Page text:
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The Utah and Arkansas Social Media Bans Won’t Protect Us

Recently passed laws in Utah and Arkansas laws aren’t about tech accountability or children’s safety, write Emma Lembke and Zamaan Qureshi, both age 20.

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Photo: Will Newton (AP)

This week, Arkansas Governor Sarah Sanders signed into law a bill that requires parents or guardians to grant permission for their child to have a social media account. Last month, Utah passed a similar parental consent law that goes as far as requiring tech companies to give parents the passwords to their children’s accounts so they can review their posts and private messages.

Copycat legislation has now been introduced in other states including Iowa and Louisiana.


As youth activists who have grown up with Instagram accounts since middle school, we know both the benefits and the harms of social media platforms – we live them every day.

We’ve seen the negative effects of social media first hand as our generation grapples with addiction and body image issues tied to social media. However, as young people, we also recognize that social media has served as a safe haven for us and millions of other young people to explore our identities and discover who we are without the judgment of adults in our lives.


But let’s be very clear – the Utah and Arkansas laws aren’t about tech accountability or children’s safety; they absolve Meta, Google, TikTok, Snap, and other tech giants of responsibility to create products that are safe for children and instead puts the onus on parents to vigilantly monitor kids’ activity online.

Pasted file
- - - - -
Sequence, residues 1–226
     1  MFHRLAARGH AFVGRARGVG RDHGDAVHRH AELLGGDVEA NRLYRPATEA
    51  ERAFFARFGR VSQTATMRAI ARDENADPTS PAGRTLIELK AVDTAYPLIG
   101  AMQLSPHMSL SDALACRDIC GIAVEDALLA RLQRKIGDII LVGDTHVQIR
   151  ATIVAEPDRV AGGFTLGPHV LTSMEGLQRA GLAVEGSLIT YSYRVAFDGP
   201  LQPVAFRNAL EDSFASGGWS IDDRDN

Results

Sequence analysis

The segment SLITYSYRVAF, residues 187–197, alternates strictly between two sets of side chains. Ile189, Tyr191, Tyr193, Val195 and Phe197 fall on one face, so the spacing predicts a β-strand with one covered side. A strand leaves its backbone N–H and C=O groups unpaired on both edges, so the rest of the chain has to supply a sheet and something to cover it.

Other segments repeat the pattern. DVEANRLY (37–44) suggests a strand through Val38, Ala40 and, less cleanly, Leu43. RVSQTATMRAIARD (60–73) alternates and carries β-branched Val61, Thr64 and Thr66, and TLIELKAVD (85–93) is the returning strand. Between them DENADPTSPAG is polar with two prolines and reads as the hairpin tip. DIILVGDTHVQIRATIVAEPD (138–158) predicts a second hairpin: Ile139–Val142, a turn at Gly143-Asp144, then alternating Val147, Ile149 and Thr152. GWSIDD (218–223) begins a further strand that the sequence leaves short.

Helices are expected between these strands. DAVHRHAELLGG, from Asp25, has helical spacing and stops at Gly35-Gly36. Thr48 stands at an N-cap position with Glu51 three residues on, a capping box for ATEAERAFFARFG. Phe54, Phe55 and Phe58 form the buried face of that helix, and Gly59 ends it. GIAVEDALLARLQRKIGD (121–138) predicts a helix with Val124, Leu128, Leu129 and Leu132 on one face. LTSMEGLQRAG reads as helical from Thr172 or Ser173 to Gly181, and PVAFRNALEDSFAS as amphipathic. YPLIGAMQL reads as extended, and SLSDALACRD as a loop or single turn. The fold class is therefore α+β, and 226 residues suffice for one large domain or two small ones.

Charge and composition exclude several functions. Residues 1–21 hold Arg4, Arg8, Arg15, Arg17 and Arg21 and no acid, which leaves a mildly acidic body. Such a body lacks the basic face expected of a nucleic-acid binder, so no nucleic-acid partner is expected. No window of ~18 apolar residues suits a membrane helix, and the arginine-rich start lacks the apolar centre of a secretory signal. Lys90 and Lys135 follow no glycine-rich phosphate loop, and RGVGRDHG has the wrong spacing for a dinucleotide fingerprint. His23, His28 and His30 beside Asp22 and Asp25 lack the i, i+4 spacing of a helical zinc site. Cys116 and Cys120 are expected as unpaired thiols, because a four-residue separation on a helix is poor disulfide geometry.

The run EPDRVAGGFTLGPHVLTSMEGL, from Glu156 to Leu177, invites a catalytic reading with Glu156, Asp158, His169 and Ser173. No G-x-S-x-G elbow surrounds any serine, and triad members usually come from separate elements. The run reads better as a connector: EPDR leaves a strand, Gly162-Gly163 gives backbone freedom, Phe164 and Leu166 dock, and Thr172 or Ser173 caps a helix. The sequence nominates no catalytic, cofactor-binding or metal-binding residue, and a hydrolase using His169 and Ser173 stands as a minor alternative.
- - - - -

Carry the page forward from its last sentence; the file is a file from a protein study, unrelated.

The perversions of unregulated social media aren’t kids’ fault – or the fault of our parents. The exploitative parts of the internet that we want to do away with – the parts that collect our data for companies’ profit and feed us addictive content that keeps us glued to our phones for hours past our bedtimes or makes us feel self-conscious about our bodies — are a direct product of Big Tech’s trillion dollar business model.

While we appreciate politicians’ increasing focus on the harms young people face online, Utah, Arkansas, and the other states are letting Big Tech off the hook for building products that exploit and addict young people for profit by design. Big Tech doesn’t deserve a free pass on this. They should not be allowed to shirk all responsibility.

We need to establish standards that make platforms safer, not keep us off of them. We can’t expect to solve these problems by ignoring what is causing them – Big Tech – and we can’t create truly effective policy without centering the groups most impacted by that policy – us.


The right approach is to design platforms with young people in mind, and that’s why we support the Age Appropriate Design Code (AADC), which has already passed into law in California and nations like the United Kingdom, Ireland, Switzerland, and the Netherlands.

The AADC puts the responsibility for the tech-induced mental health crisis squarely where it should be – on the tech companies – rather than the kids and parents who are living with the consequences of the tech companies’ misdeeds.


The law is already making a difference. In the UK, TikTok has turned off strangers’ ability to message kids, Google turned on safe search by default, and YouTube disabled autoplay by default for users under the age of 18.

All young people deserve these protections – not just in the places where it’s already law – which is why state by state, we are fighting to pass the AADC to provide fair and consistent rules for the protection of kids online.


Lawmakers need to pivot from overly simplistic proposals like Utah and Arkansas’ parental consent laws that do the opposite of what’s intended and toward solutions that force Big Tech to design platforms for us.

Emma Lembke and Zamaan Qureshi are co-founders of Design It For Us, a youth-led organization advocating for safer social media and online platforms for kids, teens, and young adults.